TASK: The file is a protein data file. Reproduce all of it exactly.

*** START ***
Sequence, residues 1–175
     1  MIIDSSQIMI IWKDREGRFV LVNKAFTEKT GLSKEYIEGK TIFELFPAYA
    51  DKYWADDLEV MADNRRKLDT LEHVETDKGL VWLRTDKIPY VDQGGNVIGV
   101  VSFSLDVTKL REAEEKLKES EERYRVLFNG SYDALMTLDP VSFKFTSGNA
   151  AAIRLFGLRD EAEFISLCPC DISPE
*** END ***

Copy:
Sequence, residues 1–175
     1  MIIDSSQIMI IWKDREGRFV LVNKAFTEKT GLSKEYIEGK TIFELFPAYA
    51  DKYWADDLEV MADNRRKLDT LEHVETDKGL VWLRTDKIPY VDQGGNVIGV
   101  VSFSLDVTKL REAEEKLKES EERYRVLFNG SYDALMTLDP VSFKFTSGNA
   151  AAIRLFGLRD EAEFISLCPC DISPE